In Living Color: Taking spring cleaning outside

Shoshanah Siegel/Signal Tribune The writer’s love for colorful art is apparent in her backyard garden.

By: Shoshanah Siegel

Shoshanah Siegel/Signal Tribune The writer's love for colorful art is apparent in her backyard garden.
Shoshanah Siegel/Signal Tribune
The writer’s love for colorful art is apparent in her backyard garden.
Whether you are on the East Coast defrosting from its harsh winter, or you have just started entertaining on the West Coast, now is the time to get ready to enjoy your outdoor spaces. Spring cleaning isn’t just for the indoors. Your outdoor space can benefit from some primping and polishing as well.
Here are some helpful tips for creating great spaces on a budget.
Get your yard under control
This is the perfect time to clear out weeds and trim overgrown trees and shrubs. In the past month we have started cleaning out planters and amending our soil in our raised-bed gardens. We have added mulch to encourage growth, as well as helping the soil to retain more water. Take into consideration the soil type, the sun and shade patterns of your yard so that you can select the right plants for these areas. I have sacrificed many a plant because it was not in the right location, or I paired it with a plant that had different watering and soil needs.
Attracting birds and butterflies
Be sure to put up bird feeders and supply a water source. It never gets old watching hummingbirds and other birds come to our feeders to take a bath or sip water from our wall fountain and birdbaths. We have had a variety of butterflies in our yard this year already. Our milkweed plants supply a source for butterfly larvae, and they continually send out seeds and propagate around our yards.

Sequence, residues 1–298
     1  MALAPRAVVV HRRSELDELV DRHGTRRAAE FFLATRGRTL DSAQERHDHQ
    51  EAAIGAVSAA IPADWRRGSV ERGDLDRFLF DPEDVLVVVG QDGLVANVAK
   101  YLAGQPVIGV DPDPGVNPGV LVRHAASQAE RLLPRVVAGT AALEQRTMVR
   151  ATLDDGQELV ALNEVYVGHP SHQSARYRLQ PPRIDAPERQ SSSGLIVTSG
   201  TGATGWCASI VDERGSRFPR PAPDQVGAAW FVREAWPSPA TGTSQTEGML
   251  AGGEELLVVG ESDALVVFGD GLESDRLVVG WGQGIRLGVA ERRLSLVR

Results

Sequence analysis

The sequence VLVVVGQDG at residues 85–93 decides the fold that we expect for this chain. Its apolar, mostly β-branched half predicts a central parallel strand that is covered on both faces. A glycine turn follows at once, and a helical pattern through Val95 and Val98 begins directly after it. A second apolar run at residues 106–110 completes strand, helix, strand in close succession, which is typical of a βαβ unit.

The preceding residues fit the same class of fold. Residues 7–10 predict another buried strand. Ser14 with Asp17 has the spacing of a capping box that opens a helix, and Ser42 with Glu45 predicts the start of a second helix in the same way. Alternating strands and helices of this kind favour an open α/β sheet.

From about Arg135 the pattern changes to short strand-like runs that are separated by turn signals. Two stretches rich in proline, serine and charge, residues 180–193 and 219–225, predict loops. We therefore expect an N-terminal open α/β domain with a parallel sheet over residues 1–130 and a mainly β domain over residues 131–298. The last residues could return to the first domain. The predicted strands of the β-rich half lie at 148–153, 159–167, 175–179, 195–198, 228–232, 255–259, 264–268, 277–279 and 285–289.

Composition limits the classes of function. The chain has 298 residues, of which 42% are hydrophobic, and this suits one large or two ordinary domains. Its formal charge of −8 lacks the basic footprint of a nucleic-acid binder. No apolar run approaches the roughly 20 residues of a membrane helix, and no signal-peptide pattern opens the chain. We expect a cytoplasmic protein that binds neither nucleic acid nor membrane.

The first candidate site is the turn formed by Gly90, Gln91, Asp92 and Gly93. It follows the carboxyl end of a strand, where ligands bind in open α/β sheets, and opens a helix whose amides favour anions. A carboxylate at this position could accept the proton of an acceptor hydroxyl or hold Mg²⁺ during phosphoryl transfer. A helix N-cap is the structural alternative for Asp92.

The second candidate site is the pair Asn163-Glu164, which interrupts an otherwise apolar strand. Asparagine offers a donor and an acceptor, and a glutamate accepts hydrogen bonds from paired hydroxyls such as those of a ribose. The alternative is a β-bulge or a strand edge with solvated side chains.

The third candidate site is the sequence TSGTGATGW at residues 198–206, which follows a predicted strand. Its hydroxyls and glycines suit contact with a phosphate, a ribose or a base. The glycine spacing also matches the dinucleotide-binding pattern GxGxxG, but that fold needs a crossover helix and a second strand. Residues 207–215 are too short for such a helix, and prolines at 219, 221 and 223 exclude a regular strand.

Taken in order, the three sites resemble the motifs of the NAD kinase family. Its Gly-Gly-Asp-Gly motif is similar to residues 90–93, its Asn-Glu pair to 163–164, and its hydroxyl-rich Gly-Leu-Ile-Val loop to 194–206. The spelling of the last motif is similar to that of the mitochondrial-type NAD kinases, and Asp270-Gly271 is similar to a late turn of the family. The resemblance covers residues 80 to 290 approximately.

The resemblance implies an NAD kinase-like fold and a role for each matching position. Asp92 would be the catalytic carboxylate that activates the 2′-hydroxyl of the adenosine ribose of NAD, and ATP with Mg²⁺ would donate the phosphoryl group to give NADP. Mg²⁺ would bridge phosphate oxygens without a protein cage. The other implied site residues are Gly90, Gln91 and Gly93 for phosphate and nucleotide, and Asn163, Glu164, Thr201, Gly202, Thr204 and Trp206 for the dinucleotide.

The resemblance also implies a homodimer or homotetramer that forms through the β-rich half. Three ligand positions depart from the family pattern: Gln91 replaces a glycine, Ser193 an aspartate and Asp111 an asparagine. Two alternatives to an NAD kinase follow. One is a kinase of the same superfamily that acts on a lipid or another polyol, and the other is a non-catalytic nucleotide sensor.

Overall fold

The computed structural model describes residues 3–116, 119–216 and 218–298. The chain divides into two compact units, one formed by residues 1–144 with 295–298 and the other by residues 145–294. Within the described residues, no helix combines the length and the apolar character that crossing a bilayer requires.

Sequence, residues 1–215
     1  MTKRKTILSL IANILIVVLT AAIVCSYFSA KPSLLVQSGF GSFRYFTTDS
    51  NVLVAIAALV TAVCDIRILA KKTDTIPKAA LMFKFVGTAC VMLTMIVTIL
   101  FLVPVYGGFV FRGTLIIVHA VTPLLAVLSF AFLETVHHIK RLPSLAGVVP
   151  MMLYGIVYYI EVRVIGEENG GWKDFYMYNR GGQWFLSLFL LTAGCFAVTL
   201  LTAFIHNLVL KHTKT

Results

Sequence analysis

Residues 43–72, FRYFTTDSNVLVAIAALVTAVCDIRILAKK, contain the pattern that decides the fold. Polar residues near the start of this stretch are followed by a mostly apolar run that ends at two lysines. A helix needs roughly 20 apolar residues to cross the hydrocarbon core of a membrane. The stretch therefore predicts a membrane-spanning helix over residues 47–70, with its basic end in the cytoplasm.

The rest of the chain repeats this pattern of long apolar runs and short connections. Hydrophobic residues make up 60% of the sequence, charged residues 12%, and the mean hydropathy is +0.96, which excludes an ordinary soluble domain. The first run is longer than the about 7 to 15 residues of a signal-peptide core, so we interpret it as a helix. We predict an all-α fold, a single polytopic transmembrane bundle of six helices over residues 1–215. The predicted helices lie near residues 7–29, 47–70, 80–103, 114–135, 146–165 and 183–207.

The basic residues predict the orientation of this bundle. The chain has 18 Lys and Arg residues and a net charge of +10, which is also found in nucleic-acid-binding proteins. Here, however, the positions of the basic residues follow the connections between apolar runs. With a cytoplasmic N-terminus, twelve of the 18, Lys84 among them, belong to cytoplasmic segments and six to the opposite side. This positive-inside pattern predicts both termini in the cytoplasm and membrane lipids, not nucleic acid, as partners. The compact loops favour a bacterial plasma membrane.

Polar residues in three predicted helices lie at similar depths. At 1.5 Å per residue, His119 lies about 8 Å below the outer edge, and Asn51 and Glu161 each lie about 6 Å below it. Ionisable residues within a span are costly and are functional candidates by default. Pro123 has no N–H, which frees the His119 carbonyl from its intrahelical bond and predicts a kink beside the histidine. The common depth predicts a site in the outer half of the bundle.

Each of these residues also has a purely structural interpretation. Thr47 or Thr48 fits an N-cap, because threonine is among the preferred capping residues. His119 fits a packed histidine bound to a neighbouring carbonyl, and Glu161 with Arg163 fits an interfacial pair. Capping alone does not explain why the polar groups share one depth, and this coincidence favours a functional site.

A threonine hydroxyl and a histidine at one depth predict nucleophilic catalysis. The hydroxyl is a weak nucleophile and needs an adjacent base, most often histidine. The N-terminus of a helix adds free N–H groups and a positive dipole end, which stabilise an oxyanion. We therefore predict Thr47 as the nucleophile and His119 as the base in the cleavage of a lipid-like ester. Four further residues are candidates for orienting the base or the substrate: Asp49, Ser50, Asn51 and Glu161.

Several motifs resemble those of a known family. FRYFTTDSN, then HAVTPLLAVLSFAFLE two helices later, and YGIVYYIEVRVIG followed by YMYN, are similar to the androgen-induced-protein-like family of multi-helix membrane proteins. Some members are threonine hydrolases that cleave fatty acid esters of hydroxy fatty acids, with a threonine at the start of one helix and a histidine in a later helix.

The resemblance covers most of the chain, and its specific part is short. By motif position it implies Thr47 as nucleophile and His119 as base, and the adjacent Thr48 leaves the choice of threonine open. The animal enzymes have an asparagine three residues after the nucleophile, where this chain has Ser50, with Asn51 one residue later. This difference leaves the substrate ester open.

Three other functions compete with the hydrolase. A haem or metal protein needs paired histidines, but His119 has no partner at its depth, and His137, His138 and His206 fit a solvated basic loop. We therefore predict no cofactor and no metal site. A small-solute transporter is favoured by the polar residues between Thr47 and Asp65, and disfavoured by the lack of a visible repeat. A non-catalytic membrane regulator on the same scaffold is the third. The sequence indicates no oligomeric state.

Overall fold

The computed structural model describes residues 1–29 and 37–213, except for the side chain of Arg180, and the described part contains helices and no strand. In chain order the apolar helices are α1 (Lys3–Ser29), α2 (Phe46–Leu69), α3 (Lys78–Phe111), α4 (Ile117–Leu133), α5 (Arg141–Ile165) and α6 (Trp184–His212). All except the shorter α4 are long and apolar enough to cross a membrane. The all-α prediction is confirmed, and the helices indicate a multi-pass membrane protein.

Clean and update your outdoor space
Look at your outdoor space as an extension of your home. For continuity, I would follow the same style and similar colors you have on the inside and bring them outside. Outdoor living and entertaining now boast stylish furniture with weather-resistant fabrics. You can have a mix of sofas, day beds, ottomans, coffee tables and stools. Assess what you want to keep, and determine what you might want to purchase. Look at the layout of your furniture. Is it functioning and meeting your needs? Is there a specific area defined for your outdoor furniture? You might even want to create a few separate spaces for different activities (campfire, a place for two).
If you are planning on keeping certain items, such as planters, tables, chairs and umbrellas, now is the time to clean off the dust and cobwebs that have accumulated. Sometimes your items just need to be refreshed. For example, we love our expandable teak table that we got a few years ago from Ikea, but it was looking tired, old and gray. Recently, we bought a great sealer and stain from Ikea which made the table look like new. Remember, you might not have to buy a whole new set; you might only need to replace some cushions. There is a large selection of sale items in the market for outdoor furniture and accessories. Just add a few complementary accessories such as outdoor rugs, candles, placemats and other decorative pieces to spice up your space.
Organize and store
Recently, my husband inherited a wood workbench his grandfather had made. Instead of getting rid of it, we decided to paint it a great color, put a cleanable surface on the top and use it to store our supplies for entertaining. Because it has drawers and doors, we can keep items out of sight and clean. We are also planning on attaching casters on the bottom so that it can be wheeled around and serve as a beverage table. Storage can come in many shapes and sizes, old and new. Use your imagination to create a one-of-a-kind piece.
Barbecues and outdoor kitchens
This is an area where the sky is the limit. Whether you want to create an all-inclusive kitchen, or just want a space to put a barbecue, plan an area for cooking, a surface for serving, an area to store supplies and provide adequate ventilation and lighting (especially if you are cooking at night).
Let there be light